Rav Yaakov Kaminetsky, notes quite beautifully, that the infrastructure of the camp of Israel was never created until the Mishkan was in the center. The people could never succeed as a people until the Shechina became the common goal of everyone. As long as each of us is solely interested in our own issues, whilst every person worries for themselves and not for the people as a whole, then we face a danger, which is unparalleled. On the other hand, a people united in its cause, a people driven by a unified belief, are a people that cannot be beaten.
The existence of a Mishkan, or a Mikdash, reflects a level of spirituality in the world that demands of every one of us to see Hashem as the central cause. When we reach such a reality, when we all have that common goal, then unity is an automatic result, and redemption is imminent.
The State of Israel is a result of selfless people giving everything for a greater cause. On entering the Old City daily, I am reminded of the heroics, the self-sacrifice, of so many, through which I merit being here everyday – others gave of themselves for the good of the people as a whole. People who left everything that they had to build a home for their nation built the many Cities that were once mere settlements. Everything that we have achieved has been done through our unity. People are so quick to criticize the settlers of Hebron, yet in what way do these pioneers differ to the original settlers of our holy land. They also came as a minority group; they also stood up against all odds. On the contrary, we must look to those settlers as an inspiration. That selflessness, that willingness to give of everything for the good of your people. The signs that we see within our people today are worrying. There are those that suggest not serving in the army in areas over the green line, they would consider abandoning over 200,000 Jews in order that they feel safer; there are others who would build a fence, excluding their brethren in Yehuda Shomron and Azza.; there are others who sit in the Diaspora and blame the bloodshed on the Jews who dared return home, instead of waiting passively for Mashiach.
Yet I ask myself, is this the spirit that brought Ethiopian Jewry back to Israel, is this the spirit of Entebbe? Is this the spirit that turned swamps into acres of beautiful crops? If we all look out for ourselves, there will be nothing left to look out for. How can people sill believe that by cutting out the essential parts of their body, that they will be able to live?! Our strength lies in our unity, in our ability to see the needs of the many as a priority. We must come together before it is too late. The most wonderful thing happened in 1948, when Hashem granted us the chance to bring the redemption in real terms. For many years that State has continued to develop. We are in a situation now that is incomparable to any situation that we have been in for the last two thousand years. However, we must know, that the Mishkan will only be built, that redemption will only be complete, when the people are gathered together. We must stand together; all arguments must be put aside. The good of our Nation, of our country, overrides everything.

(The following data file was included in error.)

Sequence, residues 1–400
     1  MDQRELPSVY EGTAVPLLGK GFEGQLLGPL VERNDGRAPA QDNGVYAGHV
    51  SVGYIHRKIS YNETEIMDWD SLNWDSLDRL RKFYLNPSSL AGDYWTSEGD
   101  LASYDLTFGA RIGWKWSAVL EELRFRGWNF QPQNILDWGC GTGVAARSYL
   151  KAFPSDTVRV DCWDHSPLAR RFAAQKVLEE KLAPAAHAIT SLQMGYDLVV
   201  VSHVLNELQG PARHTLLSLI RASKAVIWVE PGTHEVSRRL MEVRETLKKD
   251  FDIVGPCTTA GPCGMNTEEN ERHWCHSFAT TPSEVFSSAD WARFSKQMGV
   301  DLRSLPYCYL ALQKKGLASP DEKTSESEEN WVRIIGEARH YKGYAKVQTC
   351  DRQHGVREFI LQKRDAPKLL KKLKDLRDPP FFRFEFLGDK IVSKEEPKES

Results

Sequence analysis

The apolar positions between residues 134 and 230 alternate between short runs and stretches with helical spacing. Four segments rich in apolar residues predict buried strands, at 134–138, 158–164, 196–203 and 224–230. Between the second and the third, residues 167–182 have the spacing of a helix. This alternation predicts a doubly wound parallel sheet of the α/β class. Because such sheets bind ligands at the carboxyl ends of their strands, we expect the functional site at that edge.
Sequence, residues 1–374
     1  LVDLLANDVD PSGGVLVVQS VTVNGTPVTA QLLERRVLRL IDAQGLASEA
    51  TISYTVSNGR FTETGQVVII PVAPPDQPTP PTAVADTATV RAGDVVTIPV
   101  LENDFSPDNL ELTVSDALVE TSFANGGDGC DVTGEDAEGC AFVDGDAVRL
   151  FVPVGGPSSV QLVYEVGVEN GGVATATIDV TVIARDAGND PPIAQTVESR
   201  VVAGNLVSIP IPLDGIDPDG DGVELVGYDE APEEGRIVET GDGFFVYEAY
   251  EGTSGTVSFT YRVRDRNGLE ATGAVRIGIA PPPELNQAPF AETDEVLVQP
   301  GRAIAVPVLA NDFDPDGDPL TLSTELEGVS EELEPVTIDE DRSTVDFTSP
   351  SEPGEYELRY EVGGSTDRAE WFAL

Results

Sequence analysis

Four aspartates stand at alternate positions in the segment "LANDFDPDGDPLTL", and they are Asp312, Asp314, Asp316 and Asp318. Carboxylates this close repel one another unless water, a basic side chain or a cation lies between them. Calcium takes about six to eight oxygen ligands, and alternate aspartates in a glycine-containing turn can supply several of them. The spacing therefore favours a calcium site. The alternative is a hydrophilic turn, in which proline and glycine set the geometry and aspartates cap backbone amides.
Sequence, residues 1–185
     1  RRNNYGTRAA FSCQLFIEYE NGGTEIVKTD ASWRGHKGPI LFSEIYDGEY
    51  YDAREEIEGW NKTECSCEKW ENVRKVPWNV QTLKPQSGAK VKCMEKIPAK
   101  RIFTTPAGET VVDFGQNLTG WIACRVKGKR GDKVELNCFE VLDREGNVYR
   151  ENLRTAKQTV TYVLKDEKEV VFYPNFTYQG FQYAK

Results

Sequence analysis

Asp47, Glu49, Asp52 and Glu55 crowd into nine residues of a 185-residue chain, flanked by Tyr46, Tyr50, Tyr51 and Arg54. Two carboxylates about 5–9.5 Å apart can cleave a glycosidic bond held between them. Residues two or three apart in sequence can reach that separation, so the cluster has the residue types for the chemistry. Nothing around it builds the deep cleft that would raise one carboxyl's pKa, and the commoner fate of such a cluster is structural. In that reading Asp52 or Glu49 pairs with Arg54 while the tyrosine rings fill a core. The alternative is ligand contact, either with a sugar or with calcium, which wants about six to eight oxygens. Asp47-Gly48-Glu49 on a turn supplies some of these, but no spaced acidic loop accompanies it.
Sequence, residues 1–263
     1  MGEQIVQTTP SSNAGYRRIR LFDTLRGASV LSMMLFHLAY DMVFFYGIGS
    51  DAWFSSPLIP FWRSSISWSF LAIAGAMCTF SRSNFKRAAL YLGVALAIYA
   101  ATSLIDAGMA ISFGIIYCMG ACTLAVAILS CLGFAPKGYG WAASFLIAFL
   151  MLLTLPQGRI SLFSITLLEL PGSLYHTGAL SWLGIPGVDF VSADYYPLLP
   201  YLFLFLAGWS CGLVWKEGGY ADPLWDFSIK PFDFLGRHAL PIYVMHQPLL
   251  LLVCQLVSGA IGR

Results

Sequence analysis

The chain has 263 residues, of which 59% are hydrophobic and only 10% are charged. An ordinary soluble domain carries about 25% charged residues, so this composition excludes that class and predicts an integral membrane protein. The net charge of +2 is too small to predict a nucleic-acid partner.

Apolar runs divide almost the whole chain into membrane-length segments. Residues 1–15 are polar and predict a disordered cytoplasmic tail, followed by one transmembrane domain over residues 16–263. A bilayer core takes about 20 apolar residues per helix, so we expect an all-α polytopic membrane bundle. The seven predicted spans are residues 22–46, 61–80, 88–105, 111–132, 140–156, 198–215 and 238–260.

We are living at such an opportune moment; there has never been a greater time for our people. We must know that the ultimate goal cannot be reached until we become selfless, until we see Hashem in the center. That is the solution, there is no other. We must try to be at peace with everyone, but we must firstly be at peace with ourselves. At a time as crucial as this, let us initiate peace talks within Am Yisrael. Let there be peace talks between, Left and Right, between Sefardim and Ashkenazim, between Jews of the Diaspora, and the Jews of Israel. Let there be a world assembly of all Jews, let there be ‘Jerusalem accords’, that defines and unites our people. This is the solution to our problems, because when we finally unite, when we finally rectify the sin that destroyed the second Mikdash, then and only then, will the final redemption come. We must emulate Moshe our leader – ‘And Moshe gathered the entire nation of Israel.